Oklahoma City developers hear capital calling
Commercial mortgage-backed securities are making a comeback as funding streams for commercial real estate development, and developers, brokers and others lie in wait.
“CMBS is back” — virtually unheard in 2009, mostly a whispered hope in 2010 and a cautious claim in 2011 — is a growing chorus in 2012 and it rang in ears at The Mayor's Development Roundtable.
CMBS, commercial mortgage-backed securities, made the commercial real estate world go 'round until the credit crash and the Great Recession in 2008. Their near absence in 2009 — and, for the most part, until last year — hit Wall Street and Main Streets nationwide, when so-called conduit lending and private commercial development stopped cold.
This year will see nowhere near the $300 billion per year at the peak. Projections range from $25 billion to $45 billion in 2012. Nonetheless, development capital proceeding from such bond sales picked up last year and took off in the first quarter.
In other words, big lenders are making loans for commercial real estate projects again, bundling notes together and selling the aggregate income from them to investors — then taking the proceeds and making more loans.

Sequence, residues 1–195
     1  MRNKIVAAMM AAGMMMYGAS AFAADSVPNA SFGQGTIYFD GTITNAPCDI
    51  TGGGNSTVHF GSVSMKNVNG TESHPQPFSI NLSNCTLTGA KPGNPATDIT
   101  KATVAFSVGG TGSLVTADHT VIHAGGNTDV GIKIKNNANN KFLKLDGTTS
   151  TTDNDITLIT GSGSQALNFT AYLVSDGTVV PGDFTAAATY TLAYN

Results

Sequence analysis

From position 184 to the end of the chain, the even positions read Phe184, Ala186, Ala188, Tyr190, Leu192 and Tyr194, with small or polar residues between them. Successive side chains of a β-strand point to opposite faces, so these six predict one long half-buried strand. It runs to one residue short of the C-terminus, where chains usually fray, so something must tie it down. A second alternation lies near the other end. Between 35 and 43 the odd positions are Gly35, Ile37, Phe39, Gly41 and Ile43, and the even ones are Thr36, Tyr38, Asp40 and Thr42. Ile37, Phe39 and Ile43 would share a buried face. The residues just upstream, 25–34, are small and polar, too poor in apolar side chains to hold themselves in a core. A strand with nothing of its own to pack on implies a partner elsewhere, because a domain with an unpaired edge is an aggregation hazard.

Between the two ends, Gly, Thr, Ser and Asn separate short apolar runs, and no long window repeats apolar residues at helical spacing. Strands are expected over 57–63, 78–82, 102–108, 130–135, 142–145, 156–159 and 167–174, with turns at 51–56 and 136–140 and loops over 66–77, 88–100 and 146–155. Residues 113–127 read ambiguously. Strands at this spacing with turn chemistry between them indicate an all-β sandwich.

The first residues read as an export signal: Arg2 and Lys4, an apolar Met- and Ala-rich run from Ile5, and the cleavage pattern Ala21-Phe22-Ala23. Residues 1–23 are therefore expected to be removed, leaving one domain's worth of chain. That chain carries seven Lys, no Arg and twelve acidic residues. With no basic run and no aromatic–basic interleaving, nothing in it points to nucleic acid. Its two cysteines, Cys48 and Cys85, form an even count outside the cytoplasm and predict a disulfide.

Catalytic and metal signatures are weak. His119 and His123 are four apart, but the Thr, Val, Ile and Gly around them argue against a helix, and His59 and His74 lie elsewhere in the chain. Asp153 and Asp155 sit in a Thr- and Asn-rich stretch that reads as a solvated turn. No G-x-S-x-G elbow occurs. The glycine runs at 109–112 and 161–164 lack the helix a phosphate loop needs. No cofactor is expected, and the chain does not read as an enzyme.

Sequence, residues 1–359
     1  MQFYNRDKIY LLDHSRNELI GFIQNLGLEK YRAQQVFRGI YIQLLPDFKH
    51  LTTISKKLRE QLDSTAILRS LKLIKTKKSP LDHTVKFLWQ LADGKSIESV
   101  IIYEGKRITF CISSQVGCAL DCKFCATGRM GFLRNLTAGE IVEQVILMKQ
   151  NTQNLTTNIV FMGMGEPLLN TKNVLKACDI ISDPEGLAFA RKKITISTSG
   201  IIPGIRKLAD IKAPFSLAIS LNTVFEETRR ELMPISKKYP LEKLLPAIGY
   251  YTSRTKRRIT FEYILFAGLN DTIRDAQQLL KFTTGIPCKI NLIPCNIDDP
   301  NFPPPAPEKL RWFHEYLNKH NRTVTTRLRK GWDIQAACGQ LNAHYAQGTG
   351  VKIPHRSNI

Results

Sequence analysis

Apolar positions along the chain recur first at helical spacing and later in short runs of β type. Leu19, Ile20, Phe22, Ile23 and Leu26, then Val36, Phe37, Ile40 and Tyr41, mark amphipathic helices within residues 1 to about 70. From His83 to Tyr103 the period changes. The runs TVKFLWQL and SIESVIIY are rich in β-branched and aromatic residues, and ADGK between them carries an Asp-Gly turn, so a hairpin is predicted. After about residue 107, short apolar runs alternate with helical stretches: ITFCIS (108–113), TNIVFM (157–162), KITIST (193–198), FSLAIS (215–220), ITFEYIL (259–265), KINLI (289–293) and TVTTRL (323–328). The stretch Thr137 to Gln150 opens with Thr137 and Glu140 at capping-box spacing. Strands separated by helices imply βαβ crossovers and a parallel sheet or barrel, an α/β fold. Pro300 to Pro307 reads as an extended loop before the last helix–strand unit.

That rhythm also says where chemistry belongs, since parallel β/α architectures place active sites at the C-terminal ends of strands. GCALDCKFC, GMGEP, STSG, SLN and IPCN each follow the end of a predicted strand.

“CMBS — we love it,” developer Richard Tanenbaum said at the round-table event Wednesday at Cox Convention Center.
Without it, he said, developers draw on local or regional bank lines of credit as much as their credit standing could stand, then “we were stuck.” Developers find rare equity partners, or try to sell sound income-producing property to get capital to leverage into new development projects.
With Wall Street backing in the form of renewed securitized capital and non-recourse loans — meaning the income-
For their part, off-Wall Street lenders continue to sing the cautious song. Panel moderator Judy Hatfield, owner-principal of Norman-based Equity Commercial Realty — and a housing developer in downtown Oklahoma City — asked the lone banker on the panel to explain how increased federal regulation of lenders was crimping local commercial lending.
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